From simple to sublime, architectural details can be so intriguing, particularly when they are from something as commonplace as, say, a door. I can’t guess how many doors one might discover at the Walt Disney World Resort, but I have put a few snapshots of door handles, knobs and knockers together that reflect a range of cultures and continents. See how many of these unique items you can identify from Disney Parks.
posted on June 27th, 2011 by Gene Duncan, Photographer, Walt Disney World Resort
posted on May 30th, 2011 by Gene Duncan, Photographer, Walt Disney World Resort
I am constantly reminded of just how many species of wildlife live and thrive within the Walt Disney World Resort. Last week, I was on assignment in Magic Kingdom Park, when I spotted a Great Egret calmly perched atop the Frontier Trading Post sign overhead. I snapped a quick shot, as I have always been intrigued with how birds can balance on one leg. I am told that the one-leg perch is a sign of contentment and relaxation, a sort of “comfort zone.”
This beautiful Snowy Egret was photographed a couple of minutes later, stepping a little outside of its comfort zone, perhaps, as it has picked up the aroma of freshly smoked turkey legs just out of view. (And did those turkey legs ever smell good!)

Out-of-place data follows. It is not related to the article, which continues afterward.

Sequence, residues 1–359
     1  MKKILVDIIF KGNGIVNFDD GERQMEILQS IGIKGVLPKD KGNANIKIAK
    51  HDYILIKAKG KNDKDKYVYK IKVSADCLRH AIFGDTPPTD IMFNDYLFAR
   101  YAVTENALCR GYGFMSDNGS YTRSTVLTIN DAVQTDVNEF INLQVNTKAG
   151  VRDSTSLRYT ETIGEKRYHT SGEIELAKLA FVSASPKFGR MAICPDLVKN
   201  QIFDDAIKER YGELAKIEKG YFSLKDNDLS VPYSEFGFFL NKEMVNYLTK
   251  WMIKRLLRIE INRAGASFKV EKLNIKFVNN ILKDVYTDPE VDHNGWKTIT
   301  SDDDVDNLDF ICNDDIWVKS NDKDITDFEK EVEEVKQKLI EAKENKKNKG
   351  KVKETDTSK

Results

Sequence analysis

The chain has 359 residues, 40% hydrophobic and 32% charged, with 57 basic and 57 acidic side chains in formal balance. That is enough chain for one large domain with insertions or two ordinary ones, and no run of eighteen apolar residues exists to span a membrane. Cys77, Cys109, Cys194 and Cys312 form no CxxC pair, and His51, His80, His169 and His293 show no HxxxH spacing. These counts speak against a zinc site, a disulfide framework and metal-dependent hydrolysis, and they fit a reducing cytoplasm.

posted on May 24th, 2011 by Gene Duncan, Photographer, Walt Disney World Resort
Photographers usually think differently than most other people. Whether it is a foggy sunrise, an old barn, a rural cemetery or a flock of birds, these are the things that drive us to do what we do – capture, interpret, enjoy. To quote a great photographer and friend, Burk Uzzle: “The ordinary is particularly special.”
In this Disney Parks Blog post, I cannot explain exactly what motivated me to stop my car and leap out with camera in hand but I think at first glance, it was the graphic design – black on white. Then it became the chaos and noise of dozens of crows interacting with one another. Finally, the group behavior itself was mesmerizing – the constant need for each bird to flit from one branch to another, one tree to the other trees.
I began with an artsy approach, employing my trusty Lensbaby to create those dreamy slices of life. Then I switched to a conventional lens to allow me to be more of a documentarian. During the 8 ½ minutes I spent shooting, I made nearly 200 images. Now the really interesting tidbit for me is just how much time was actually captured. When I added the exposures up, the grand total was .1943 seconds. That, my friends, is a very thin slice of life.
posted on April 19th, 2011 by Gene Duncan, Photographer, Walt Disney World Resort